For me it was the coaches which were a good advocate on which training and why. I trusted them and my colleagues. In the five years I was at Nmbrs I never turned down a training or development request of an employee. We did have a big budget for training and growth available and we never spent it all. Not once in the time I was at Nmbrs.


One last remark: Don’t make contracts or connect retention schemes to training. I know it feels sour when your colleague decides to leave two months after finishing an expensive training course, but imagine that they are staying 2 more years while they really don’t want to. I am a firm believer to never tie people to your company. Our People departments pay off at Nmbrs: I want you to want to be here. 


Myth 7: Treating Illness and Life Events as a hassle


Setbacks outside of work are inevitable and often unforeseeable – divorce, illness, family tragedies, and more. It’s unrealistic to expect a person who’s going through a tough time to simply continue performing as normal at work. If you continue to push them, the best you can hope for is that they either burn out or quit.


Much of personal growth is invisible, unplanned, and buried deep within a person. Handling hard times is often what forces us out of our comfort zones and accelerates our development.


In challenging situations, it is immensely important to have employees who possess character traits like resilience, self-confidence, adaptability, and empathy. Yet these can’t be taught in any ordinary course or seminar – sometimes, the only way to attain these positive characteristics is by working through personal misfortunes and coming out stronger on the other side. 


So why treat the employees who are going through a rough path as employees who are of no value to your company? It is way too often these people are sidetracked and never return to the company at all, even though you have every opportunity to gain back a very loyal and more resilient employee.


The key aspect of these patches is maintaining open communication. This means not only dialogue between HR and employees or managers and employees, but also between colleagues and their respective teams. It’s essential for colleagues to comprehend the situation, its duration, and have the opportunity to ask questions and develop their understanding as knowledge of the situation grows.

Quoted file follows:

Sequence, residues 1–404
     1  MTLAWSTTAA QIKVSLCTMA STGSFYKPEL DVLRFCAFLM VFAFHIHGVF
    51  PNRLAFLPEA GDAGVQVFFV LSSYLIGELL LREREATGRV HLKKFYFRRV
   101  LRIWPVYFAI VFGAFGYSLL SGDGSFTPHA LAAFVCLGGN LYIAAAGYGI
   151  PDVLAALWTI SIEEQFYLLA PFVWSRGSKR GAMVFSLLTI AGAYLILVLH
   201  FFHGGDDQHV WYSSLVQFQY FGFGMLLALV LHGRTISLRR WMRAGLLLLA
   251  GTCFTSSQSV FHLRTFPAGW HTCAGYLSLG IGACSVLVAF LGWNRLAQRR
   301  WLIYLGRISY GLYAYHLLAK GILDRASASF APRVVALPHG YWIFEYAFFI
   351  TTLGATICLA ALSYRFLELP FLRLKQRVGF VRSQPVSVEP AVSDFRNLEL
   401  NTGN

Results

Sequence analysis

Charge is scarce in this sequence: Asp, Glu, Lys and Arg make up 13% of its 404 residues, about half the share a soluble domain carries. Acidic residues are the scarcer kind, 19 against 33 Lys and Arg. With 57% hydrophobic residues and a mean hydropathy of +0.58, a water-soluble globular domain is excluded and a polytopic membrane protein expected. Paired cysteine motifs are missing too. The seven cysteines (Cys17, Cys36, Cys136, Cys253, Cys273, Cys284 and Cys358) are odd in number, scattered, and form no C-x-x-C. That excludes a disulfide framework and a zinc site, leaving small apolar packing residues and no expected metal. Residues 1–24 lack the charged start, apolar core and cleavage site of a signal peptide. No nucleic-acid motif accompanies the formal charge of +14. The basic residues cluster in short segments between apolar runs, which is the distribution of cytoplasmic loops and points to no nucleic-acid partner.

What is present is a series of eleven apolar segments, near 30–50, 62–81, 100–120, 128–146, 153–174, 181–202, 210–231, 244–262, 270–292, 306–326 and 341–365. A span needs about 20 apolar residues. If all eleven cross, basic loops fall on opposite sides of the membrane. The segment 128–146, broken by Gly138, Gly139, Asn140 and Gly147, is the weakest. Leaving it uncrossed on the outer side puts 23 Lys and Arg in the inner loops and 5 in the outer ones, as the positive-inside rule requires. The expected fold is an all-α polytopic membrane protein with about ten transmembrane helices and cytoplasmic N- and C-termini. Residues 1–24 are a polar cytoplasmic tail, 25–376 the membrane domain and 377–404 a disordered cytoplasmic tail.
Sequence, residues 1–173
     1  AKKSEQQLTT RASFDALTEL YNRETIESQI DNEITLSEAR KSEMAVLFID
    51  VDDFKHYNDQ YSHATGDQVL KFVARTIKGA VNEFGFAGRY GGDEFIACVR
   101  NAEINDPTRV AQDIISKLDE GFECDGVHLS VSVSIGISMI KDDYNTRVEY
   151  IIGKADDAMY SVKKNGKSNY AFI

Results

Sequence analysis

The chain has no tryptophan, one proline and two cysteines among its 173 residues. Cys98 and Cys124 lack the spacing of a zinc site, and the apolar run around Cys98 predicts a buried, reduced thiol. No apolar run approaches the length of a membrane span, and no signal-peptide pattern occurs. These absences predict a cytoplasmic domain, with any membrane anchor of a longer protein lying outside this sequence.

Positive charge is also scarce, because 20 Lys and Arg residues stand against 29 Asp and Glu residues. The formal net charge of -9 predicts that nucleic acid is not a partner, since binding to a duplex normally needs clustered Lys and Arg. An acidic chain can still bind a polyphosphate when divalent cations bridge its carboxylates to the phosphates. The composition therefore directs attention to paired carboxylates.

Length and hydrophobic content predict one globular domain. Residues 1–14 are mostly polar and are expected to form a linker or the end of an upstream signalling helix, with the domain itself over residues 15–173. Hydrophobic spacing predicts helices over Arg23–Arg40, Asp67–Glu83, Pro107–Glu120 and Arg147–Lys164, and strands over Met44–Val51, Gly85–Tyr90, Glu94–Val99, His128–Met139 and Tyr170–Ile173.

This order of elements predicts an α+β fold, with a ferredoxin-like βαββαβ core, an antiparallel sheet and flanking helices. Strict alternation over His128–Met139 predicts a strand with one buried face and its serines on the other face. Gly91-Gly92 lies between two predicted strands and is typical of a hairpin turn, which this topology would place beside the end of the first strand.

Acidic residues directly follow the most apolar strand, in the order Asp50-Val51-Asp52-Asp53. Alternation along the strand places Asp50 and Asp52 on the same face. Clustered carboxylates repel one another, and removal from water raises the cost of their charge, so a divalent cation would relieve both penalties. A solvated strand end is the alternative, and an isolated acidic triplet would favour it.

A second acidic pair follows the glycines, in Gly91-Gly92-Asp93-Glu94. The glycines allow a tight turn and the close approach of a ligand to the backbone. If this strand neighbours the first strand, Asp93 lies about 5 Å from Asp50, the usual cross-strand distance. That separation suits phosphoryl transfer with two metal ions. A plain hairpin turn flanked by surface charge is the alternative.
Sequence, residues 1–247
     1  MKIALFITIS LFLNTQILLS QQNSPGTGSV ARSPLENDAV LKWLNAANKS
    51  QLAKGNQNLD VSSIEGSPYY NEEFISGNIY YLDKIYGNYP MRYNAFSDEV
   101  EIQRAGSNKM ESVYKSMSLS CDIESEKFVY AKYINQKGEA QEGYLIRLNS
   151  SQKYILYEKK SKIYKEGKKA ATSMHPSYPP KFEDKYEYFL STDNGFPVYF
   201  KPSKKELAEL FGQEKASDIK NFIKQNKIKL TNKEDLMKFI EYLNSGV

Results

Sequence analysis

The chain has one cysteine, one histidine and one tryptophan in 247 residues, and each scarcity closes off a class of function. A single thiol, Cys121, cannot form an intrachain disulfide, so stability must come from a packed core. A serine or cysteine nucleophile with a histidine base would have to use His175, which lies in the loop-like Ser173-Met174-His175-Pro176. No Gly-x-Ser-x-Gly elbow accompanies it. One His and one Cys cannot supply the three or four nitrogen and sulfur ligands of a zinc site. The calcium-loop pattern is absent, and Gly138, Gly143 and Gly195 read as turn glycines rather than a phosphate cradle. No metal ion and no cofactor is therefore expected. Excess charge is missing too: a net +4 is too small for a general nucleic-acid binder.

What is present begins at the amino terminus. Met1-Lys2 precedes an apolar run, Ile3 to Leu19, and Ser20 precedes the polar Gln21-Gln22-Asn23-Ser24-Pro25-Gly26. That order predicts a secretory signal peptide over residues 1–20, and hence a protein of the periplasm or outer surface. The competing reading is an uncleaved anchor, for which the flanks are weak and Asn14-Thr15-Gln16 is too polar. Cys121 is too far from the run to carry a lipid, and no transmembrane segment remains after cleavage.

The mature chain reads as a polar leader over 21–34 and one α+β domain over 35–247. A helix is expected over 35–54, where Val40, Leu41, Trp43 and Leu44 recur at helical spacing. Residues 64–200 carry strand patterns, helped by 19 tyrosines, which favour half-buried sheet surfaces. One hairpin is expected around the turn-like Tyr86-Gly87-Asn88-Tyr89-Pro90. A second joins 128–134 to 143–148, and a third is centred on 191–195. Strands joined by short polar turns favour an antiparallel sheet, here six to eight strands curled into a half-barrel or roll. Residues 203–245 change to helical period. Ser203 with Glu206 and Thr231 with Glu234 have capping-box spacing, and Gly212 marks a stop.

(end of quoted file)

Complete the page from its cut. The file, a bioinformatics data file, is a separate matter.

While it’s important to respect an individual’s privacy and comply with relevant laws, it’s also crucial not to be too afraid to ask questions and seek clarity. Unfortunately, laws and rules have often instilled this fear, which can prevent us from understanding the situation fully.


Simultaneously, this conversation must be a two-way street, which can be challenging. Colleagues should have the space and ability to express their frustration when a team member is frequently absent due to caring for a sick child or is experiencing burnout due to family circumstances. It can be demotivating for a team to always work overtime because one person cannot keep up with the workload. There should also be room to express these feelings.


In these open team dialogue you will see there is a lot to gain. Trust will blossom and loyalty and understanding for each other will grow. At Nmbrs the coaches were indispensable to guide these worthy team conversations.


In Conclusion


Development and growth is one of the major factors in life. If you don’t grow you die! Your company grows and develops by default if your employees are growing. I really hope by sharing my insights on these seven very stubborn HR Myths on development and growth helps you to make better decisions on this subject for your company and for your employees